Philadelphia is arguably the epicenter of the urban overdose crisis. And while things became a little-bit better in 2018, we are very far from where we need to be.

Thread on a year that started with a huge announcement and ended with a tiny glimmer of hope.
Last year ended with a devastating overdose cluster that took the lives of 70 people in 30 days. @aubreyjwhelan and @MikeNewall reported on the year that claimed 1,217 lives: philly.com/philly/news/op…
In January it seemed like 2018 might be different. Philadelphia officials declared that the city will not stand in the way of private entities that want to open a safe-injection site. Philadelphia was celebrated as the first city in the US to have a site: philly.com/philly/health/…
The response was confusion and misinformation. People did not understand what the city actually announced (are they opening a site? when? where? not with my money!) and framed the suggestion as "real-life Hamsterdam." But that is not what was announced: philly.com/philly/opinion…
One grievance that came up immediately, and rightfully so, is "where were these sites during the crack epidemic?" The answer, of course, is that no one cared when black people were the ones dying. We should have had them then, and should have them today. phillyvoice.com/safe-injection…
Philadelphia District Attorney Larry Krasner and Mayor Jim Kenney tried to make that case -- we were wrong in the 1980s, let's not be wrong today. philly.com/philly/opinion…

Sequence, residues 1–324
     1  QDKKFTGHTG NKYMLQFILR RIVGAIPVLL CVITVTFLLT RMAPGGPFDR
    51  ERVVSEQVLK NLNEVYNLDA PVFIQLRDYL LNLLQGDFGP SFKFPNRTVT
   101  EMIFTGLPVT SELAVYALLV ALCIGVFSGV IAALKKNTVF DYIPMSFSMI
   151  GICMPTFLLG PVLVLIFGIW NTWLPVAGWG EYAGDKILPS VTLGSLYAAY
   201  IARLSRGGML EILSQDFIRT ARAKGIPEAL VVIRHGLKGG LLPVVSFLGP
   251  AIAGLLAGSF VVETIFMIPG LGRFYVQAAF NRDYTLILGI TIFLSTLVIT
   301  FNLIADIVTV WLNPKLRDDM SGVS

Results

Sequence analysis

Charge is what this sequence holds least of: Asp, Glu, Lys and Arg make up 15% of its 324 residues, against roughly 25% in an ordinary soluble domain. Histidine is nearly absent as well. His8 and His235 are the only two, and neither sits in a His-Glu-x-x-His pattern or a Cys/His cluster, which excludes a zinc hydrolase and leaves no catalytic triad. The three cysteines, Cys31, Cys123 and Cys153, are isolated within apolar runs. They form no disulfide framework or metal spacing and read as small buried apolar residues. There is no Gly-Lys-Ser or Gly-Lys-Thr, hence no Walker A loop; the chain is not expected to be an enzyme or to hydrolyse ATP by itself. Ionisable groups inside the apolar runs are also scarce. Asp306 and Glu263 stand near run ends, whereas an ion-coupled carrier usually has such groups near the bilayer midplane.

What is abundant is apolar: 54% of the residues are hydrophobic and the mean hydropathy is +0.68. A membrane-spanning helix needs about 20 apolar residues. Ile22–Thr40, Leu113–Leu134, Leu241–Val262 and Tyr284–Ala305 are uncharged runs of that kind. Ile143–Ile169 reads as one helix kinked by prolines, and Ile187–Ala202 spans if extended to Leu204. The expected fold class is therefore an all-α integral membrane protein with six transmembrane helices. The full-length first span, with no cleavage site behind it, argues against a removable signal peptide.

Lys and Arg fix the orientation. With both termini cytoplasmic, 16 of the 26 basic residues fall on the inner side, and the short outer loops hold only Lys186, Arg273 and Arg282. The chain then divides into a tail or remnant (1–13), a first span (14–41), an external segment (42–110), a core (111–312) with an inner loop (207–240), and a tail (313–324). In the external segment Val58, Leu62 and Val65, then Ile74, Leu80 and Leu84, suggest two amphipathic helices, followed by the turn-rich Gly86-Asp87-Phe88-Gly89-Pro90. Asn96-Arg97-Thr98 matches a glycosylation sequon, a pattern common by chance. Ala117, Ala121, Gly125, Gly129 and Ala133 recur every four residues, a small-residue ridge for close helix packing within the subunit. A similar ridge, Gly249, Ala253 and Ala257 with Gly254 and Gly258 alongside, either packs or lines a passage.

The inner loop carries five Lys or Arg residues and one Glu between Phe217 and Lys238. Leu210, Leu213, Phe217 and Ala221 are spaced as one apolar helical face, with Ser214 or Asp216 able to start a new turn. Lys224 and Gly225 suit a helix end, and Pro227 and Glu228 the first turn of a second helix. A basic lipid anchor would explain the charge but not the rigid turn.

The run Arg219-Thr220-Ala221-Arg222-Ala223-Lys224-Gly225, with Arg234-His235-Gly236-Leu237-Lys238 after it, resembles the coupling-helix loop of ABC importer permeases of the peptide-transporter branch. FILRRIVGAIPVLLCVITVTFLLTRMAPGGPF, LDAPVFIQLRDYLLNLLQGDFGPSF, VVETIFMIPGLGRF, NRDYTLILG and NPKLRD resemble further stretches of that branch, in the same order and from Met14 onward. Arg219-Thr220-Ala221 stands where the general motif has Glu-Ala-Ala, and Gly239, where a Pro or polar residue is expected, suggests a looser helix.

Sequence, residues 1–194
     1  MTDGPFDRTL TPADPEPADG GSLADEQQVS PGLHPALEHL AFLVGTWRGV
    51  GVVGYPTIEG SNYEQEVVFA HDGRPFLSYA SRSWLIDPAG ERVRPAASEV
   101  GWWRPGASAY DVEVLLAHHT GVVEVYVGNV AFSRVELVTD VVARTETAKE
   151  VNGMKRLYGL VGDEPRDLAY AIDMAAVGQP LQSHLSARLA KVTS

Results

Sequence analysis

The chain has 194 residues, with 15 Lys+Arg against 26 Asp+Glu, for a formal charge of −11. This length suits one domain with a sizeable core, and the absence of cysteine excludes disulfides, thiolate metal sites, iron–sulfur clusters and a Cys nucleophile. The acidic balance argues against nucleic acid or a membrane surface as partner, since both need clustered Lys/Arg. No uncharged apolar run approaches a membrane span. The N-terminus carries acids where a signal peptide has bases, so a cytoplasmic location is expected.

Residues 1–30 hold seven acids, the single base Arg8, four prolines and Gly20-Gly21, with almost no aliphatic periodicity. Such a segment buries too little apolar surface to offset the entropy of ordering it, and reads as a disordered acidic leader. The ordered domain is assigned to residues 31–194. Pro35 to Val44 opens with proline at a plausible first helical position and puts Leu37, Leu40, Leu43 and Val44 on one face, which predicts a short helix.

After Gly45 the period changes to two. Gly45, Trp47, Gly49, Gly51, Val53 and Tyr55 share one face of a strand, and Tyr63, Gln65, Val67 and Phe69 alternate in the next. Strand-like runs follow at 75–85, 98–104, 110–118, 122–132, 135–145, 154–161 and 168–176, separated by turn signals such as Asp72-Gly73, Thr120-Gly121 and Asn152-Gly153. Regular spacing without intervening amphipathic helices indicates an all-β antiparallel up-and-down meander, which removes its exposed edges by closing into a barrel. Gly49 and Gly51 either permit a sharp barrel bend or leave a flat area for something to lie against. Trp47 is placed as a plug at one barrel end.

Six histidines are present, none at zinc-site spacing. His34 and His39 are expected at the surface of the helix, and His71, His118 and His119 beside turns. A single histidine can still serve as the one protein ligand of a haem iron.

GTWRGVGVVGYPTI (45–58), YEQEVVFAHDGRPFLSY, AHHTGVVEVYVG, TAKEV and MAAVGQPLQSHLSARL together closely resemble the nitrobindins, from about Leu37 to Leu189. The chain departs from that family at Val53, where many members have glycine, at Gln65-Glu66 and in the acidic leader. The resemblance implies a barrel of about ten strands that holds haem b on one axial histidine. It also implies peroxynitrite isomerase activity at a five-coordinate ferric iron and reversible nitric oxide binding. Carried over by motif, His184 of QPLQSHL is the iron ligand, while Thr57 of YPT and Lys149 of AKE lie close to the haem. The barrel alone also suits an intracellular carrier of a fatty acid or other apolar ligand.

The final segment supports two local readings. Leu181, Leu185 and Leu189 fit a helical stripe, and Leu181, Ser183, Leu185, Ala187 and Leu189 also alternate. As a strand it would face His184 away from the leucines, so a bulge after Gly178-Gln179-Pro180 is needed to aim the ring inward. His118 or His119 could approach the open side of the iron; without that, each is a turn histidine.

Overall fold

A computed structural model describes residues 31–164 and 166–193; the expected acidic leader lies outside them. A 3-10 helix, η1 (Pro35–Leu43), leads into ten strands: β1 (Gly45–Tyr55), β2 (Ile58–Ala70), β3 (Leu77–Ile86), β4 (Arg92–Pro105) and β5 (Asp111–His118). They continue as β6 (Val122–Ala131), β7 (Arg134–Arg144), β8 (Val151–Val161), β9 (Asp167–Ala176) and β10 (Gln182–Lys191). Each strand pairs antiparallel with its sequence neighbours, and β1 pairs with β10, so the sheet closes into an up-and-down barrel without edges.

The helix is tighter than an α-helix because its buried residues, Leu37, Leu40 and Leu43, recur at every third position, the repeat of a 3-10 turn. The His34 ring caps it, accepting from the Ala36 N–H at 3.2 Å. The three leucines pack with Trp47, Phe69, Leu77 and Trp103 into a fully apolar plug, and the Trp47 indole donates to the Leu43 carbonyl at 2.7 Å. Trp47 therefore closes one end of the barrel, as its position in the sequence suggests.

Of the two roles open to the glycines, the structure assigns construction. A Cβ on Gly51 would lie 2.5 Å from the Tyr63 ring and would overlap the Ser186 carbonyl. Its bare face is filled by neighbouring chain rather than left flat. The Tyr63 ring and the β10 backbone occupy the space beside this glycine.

But there is more to racial justice in harm reduction than admitting the mistakes of the past. @Lb_Sterling and @thesmallpicture brilliantly argue that to actually be inclusive, any site must be opened to consumption of all drugs, not just injection. philly.com/philly/opinion…
The conversation about race is one of the things that also moved the needle on the name of any future sites. Safe-injection sites --> Comprehensive User Engagement Sites --> Safe or supervised consumption sites --> overdose prevention sites. I will use overdose prevention sites.
The response of law enforcement was split. DA Krasner is supportive. Commissioner Ross said he is still torn but warming up to the idea. AG Shapiro said on multiple occasions that law must change to allow for overdose prevention sites. That isn't accurate: whyy.org/articles/setti…
The response from the community was also very divided. Again, lack of knowledge was the main driver of opposition. @MikeNewall participated in a community forum and came out of it with a call for the city to do more to "sell" the sites: philly.com/philly/columni…
But time continued to pass from the announcement and people were dying. @MikeNewall talked to @BrookeM_Feldman about Johnny who couldn't make it to a Kensignton residents conversation about overdose prevention sites because he died of an overdose. philly.com/philly/news/sa…
The overdose crisis also escalated as fentanyl and its analogs found their way into more drugs -- specifically cocaine -- putting opioid naive people who don't carry naloxone at high risk of overdose deaths. @aubreyjwhelan reports: philly.com/philly/health/…
Two months after the overdose-prevention site announcement, City Council held a hearing about the opioid epidemic. The hearing revealed that our lawmakers don't know some very basic facts about the science and dynamics of addiction and recovery: philly.com/philly/health/…